New VW Tiguan on sale now: UK pricing details revealed

All the details on Volkswagen's second-gen 2016 Tiguan, priced from around £22,500 and available to order now

The long-awaited new VW Tiguan SUV has finally arrived, and order books have now opened in the UK. The Nissan Qashqai rivals' range kicks off from around £22,500, and deliveries will commence this summer.

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That entry level price will likely get you a 124bhp 1.4 TSI petrol engine, but you can't order that until at least May. Volkswagen will launch the car in three 'waves', with customers only able to place their order for 2.0-litre turbo petrol and diesel engine variants for now.

For now, the cheapest you can buy is the 2.0 TDI diesel with 148bhp in S spec and with front-wheel drive. That costs from £25,530, and comes with standard safety kit such as Front Assist, City Emergency Braking and Pedestrian Monitoring. It's capable of 0-62mph in 9.3 seconds and emits 125g/km of CO2. 

It can also be ordered with 4MOTION all-wheel drive for an extra £1,600, although CO2 emissions go up by 21g/km. The option of a seven-speed DSG gearbox brings that to £28,730. 

SE spec starts from £27,290, with SE Nav, SEL and flagship R-Line completing the range. Also available to order now is the 178bhp 2.0 TSI petrol with 4MOTION and a seven-speed DSG gearbox, from £21,115 in SE trim.

The 114bhp 1.6-litre diesel and 1.4 TSI petrols will reduce that entry point - although it's not clear which will arrive in the second 'wave' in at the start of May, or the final wave on June 2nd.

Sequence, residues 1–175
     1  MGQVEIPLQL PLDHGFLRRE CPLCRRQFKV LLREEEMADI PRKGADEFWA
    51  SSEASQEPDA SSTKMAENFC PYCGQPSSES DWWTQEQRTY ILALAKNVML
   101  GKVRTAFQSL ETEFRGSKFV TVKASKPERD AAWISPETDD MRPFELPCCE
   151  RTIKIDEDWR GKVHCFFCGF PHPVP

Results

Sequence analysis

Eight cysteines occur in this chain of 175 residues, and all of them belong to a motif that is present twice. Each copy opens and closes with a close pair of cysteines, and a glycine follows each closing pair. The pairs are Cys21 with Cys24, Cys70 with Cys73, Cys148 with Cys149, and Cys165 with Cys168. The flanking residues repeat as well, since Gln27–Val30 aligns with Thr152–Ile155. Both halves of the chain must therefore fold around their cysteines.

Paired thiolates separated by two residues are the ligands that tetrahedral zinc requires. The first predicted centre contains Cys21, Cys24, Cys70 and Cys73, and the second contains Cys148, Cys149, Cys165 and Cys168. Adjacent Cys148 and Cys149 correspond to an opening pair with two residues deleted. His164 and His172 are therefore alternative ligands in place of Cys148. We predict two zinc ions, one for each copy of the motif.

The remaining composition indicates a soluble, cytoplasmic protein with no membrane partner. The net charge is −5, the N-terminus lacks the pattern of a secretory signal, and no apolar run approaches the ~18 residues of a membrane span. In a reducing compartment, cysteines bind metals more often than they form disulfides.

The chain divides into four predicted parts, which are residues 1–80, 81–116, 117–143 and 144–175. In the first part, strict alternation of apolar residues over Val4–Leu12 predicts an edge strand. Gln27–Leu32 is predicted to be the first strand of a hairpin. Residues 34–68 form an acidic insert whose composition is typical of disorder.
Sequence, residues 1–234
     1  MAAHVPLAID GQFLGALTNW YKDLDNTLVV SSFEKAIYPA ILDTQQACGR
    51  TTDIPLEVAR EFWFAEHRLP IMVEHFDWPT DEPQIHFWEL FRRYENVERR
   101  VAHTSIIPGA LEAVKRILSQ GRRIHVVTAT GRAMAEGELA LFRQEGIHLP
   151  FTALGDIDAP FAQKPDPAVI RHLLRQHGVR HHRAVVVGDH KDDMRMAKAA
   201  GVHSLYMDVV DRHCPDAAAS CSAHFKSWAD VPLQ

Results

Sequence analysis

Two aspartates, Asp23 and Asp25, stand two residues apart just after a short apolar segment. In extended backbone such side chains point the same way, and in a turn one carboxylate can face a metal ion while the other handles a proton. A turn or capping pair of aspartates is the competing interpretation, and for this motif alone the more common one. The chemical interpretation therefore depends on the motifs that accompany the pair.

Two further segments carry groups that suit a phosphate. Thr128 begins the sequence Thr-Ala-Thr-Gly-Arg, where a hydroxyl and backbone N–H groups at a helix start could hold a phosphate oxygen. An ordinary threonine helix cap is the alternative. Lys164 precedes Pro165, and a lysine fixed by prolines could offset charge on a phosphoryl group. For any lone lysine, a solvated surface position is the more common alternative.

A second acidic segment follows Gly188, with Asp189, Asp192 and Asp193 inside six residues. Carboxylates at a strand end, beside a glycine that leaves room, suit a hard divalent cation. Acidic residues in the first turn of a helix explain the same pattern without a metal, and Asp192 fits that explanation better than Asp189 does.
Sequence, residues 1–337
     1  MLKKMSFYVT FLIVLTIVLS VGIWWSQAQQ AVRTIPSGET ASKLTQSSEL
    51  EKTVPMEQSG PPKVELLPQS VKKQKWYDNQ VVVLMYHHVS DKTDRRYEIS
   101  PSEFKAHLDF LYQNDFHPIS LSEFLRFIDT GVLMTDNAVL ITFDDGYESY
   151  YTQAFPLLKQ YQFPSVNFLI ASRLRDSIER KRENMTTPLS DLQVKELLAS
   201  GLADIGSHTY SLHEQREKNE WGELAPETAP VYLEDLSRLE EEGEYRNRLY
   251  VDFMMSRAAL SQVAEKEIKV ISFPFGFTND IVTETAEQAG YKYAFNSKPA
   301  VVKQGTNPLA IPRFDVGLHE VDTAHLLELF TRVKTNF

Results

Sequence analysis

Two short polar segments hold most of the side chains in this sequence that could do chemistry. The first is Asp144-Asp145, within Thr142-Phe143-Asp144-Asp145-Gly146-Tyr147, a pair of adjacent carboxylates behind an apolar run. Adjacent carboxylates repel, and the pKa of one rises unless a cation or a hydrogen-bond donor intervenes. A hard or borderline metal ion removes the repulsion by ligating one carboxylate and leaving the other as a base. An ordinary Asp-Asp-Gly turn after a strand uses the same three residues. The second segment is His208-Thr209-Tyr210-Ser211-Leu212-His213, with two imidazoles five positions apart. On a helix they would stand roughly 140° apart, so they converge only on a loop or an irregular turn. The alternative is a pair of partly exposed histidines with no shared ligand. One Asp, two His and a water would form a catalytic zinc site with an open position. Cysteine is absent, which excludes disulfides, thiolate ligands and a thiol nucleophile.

Revealed at last year's Frankfurt Motor Show, the new Tiguan gets a sharp new look - influenced by the latest Golf and Passat - plus more space and more efficient engines, including a GTE plug-in hybrid capable of 149mpg and CO2 emissions of just 42g/km.

It sits on VW’s MQB platform architecture, which is quickly being rolled out across the VW Group’s latest models. This means the new Tiguan is 60mm longer than the outgoing car, but it’s also 33mm lower, giving it a more purposeful, squat appearance.

We were given the chance to have a proper poke around the car in a studio near Wolfsburg, Germany, guided by product marketer for compact cars, Thomas Treptow.

As is always the case for new Volkswagen models, the design is more of an evolution than revolution, but the new model has plenty of sharp lines, creases and neat details like LED daytime running lights, larger alloy wheel designs (now up to 20-inch) and deeper front air intakes on higher-spec models.

“The first impression is that this car looks more premium than its predecessor. But it doesn’t lose its core DNA of being compact, dynamic and strong,” Treptow told us.

The redesigned exterior is fairly conventional in look, with a front and rear-end design inspired by the latest Passat and a chunkier overall profile, thanks to enlarged wheels and the increased size. VW will offer an ‘off-road’ version, with shorter front and rear overhangs and improved approach and departure angles. It won’t get Jeep-style off-road tyres or any extensive underbody protection, though.